J. R.R. Tolkien’s tales of Middle-earth have had a profound impact on the fantasy genre, especially his Elves. Rather than the tiny, mischievous sprites found in cookie commercials and some children’s media, his Elves are near human-sized. Immortal and possessing an ethereal beauty, they are generally shown as wiser, more sensitive, and more in-tune with nature than humans. Similar elves have become a common staple in fantasy works. But where did Tolkien get his Elves? Tracing the possibilities turns out to be quite the journey, so I’ll split this into two parts and start with literary and linguistic leads before covering the more mythological ones.
A couple thanks: I have wondered about the origin of Tolkien’s Elves for a while, but I got my first clue from Melissa A. Albertsberg, a writer I follow on Twitter who maintains a great writing blog. She mentioned researching the Alfar (more on them in Part 2) as a basis for her elves. Later, I had a conversation with Tiege McCian of The Burnt Thumb about Tolkien Elves. He pointed me toward The Worm Ouroboros and The King of Elfland’s Daughter as potential inspirations, which have been helpful for putting Tolkien in context. Thank you to both!
Tales Before Tolkien
This would be a pretty short post if I took Tolkien at his word about the origin of his Elves. His vague explanation for the source of Middle-earth is it “began with me,”1 though when “pressed to rationalize” he likens Elves to an idealized version of humanity.2 This is due in part to his frequent sense of “recording” rather than “‘inventing’” Middle-earth.3 I can sympathize, since I’ve also had the experience of a scene or a character appearing so fully formed in my mind that it feels discovered. However, later I can almost always see some influence from another story I have watched, read, heard, or lived. Even if he didn’t purposely base his Elves on a single model, they will likely reflect a few previous ideas.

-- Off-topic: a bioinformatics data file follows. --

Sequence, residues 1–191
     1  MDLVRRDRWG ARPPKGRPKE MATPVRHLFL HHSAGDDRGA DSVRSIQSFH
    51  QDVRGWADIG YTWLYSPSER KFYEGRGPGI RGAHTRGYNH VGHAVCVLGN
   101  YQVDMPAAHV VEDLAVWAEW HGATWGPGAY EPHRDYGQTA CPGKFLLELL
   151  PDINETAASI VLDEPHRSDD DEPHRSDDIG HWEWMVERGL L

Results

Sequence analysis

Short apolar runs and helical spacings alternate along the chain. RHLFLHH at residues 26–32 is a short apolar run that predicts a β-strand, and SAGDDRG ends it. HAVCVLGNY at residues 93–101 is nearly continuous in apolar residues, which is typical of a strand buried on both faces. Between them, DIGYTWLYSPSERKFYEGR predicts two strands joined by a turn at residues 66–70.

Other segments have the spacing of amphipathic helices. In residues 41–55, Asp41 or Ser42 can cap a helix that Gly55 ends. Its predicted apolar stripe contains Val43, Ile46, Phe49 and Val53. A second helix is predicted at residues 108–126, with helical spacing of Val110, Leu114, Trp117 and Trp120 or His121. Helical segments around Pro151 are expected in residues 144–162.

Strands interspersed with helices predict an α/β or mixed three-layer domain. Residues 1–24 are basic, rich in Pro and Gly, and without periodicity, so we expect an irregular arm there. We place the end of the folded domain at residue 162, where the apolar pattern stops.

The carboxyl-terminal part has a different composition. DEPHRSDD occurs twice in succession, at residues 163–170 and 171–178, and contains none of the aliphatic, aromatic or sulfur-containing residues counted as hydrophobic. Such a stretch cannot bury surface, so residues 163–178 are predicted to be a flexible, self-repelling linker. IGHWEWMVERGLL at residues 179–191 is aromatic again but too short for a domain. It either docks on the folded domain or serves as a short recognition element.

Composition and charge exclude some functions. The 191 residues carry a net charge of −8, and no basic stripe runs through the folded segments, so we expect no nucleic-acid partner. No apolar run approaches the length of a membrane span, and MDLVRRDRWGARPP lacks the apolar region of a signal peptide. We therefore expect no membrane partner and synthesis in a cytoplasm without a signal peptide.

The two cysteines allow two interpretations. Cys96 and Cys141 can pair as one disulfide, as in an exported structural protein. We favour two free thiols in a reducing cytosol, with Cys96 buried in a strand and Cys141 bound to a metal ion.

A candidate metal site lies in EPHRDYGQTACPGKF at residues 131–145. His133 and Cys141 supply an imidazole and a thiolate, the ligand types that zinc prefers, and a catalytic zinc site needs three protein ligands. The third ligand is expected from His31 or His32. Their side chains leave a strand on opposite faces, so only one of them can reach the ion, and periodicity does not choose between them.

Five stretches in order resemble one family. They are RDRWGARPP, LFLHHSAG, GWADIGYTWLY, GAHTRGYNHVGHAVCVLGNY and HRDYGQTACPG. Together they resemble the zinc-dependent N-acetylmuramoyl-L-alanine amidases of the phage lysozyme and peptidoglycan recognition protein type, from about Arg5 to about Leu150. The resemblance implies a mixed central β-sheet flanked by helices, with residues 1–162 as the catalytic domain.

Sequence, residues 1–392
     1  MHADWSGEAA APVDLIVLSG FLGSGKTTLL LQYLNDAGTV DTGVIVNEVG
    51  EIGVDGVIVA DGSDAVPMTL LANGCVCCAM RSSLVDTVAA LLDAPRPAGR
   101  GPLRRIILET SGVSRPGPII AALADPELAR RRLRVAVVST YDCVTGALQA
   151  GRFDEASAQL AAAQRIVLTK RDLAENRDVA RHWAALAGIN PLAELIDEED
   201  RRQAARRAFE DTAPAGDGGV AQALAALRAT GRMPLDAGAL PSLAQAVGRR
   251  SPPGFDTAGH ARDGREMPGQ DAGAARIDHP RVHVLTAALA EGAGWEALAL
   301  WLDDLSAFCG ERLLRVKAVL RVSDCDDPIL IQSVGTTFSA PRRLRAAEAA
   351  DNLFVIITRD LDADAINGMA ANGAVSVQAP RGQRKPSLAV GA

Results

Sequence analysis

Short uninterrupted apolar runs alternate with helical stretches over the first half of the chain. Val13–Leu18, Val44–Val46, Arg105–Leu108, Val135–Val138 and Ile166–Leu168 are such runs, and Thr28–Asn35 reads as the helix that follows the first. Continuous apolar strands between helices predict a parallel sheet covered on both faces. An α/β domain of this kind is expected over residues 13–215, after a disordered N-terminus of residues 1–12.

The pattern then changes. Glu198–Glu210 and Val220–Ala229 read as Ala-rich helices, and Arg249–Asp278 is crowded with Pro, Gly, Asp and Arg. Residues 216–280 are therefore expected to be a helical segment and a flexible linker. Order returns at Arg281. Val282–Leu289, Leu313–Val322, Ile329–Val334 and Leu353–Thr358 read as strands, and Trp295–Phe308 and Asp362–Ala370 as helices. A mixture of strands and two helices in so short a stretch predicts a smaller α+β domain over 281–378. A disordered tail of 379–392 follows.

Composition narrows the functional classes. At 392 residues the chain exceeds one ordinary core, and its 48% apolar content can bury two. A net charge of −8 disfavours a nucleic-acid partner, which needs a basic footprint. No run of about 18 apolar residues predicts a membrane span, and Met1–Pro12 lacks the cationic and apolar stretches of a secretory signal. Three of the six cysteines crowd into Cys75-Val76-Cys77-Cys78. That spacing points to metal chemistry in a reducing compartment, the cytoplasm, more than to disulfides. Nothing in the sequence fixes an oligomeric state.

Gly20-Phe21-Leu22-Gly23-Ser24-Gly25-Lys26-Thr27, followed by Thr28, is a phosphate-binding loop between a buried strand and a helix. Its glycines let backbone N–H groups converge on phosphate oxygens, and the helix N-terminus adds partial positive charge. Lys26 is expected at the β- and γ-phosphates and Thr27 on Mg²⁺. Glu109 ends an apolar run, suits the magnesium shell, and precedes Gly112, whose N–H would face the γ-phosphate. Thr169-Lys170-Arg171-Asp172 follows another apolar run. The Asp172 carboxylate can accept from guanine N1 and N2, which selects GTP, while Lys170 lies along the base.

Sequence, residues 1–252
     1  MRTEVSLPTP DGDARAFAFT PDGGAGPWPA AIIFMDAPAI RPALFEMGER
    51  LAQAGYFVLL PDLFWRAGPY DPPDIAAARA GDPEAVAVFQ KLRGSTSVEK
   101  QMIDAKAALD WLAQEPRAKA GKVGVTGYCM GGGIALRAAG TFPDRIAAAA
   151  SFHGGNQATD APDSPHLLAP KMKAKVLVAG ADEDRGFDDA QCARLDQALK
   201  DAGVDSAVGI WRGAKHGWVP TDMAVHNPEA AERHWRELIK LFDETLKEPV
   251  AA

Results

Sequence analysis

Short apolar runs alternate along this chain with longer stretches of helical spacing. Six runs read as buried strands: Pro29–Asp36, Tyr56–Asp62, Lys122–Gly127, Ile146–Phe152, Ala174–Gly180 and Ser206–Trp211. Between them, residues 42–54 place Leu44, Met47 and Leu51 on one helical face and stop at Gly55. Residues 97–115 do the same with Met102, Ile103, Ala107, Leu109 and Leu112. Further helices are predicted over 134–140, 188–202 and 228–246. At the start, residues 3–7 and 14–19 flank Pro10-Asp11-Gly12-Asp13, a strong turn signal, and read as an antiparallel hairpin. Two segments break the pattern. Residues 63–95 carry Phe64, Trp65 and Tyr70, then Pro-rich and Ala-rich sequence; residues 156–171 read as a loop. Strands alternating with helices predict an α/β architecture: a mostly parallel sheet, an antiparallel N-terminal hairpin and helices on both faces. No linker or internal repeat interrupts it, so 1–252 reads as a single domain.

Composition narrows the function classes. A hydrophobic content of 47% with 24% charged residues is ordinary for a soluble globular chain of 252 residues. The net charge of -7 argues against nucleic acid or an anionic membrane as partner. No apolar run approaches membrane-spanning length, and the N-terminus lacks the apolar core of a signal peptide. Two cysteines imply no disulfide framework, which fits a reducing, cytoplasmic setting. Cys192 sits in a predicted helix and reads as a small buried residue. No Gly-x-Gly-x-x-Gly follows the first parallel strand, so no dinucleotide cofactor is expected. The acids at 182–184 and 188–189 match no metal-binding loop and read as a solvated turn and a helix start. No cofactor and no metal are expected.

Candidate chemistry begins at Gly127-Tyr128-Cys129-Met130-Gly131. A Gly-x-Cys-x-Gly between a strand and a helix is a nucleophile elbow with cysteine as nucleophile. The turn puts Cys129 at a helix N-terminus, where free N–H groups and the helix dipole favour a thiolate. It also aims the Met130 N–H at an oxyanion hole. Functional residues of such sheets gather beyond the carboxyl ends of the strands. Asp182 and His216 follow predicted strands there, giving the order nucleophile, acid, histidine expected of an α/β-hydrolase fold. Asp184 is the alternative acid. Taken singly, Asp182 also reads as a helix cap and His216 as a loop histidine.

Other fantasy writers predating Tolkien are a good place to start looking for his inspirations. Tolkien is one of the earliest fantasy writers still widely known, but he was hardly the first. His letters make reference to E. R. (Eric Rücker) Eddison, George MacDonald, Lord Dunsany/Edward Plunkett, and William Morris among others. Morris is noteworthy as one of the few Tolkien never served a backhanded compliment or an outright sneer, and for being possibly the first “’invented-world’ fantasy” author.4 The works Tolkien mentions as definite influences are The House of the Wolfing and its sequel, The Roots of the Mountain.5 Wolfing is set in a forest called Mirkwood, a name borrowed from Norse mythology and later repurposed by Tolkien as a place that Elves such as Legolas call home.
As far as I can tell, however, most of these writers never used elves directly in their stories. Morris’ 1890 novel The Story of the Glittering Plain includes people who live in eternal, blissful youth, but they are ordinary humans made immortal by the magic of the land. Elves are mentioned in The Roots of the Mountain, but they are unseen and even doubted by Face-of-God, who wonders if they “have been frighted away.”6 In The Princess and the Goblin by George MacDonald, Princess Irene’s great-great-grandmother has an ageless beauty and serene wisdom similar to Galadriel, but she’s almost too otherworldly since most people can’t see or remember her. As for Eddison’s The Worm Ouroboros (sometimes Dragon), he imagines the planet Mercury full of beings he labels Demons, Witches, Pixies, Goblins, and more. But though Lord Goldry Bluszco of Demonland carries a “sword forged by the elves,”7 those elves never make an appearance.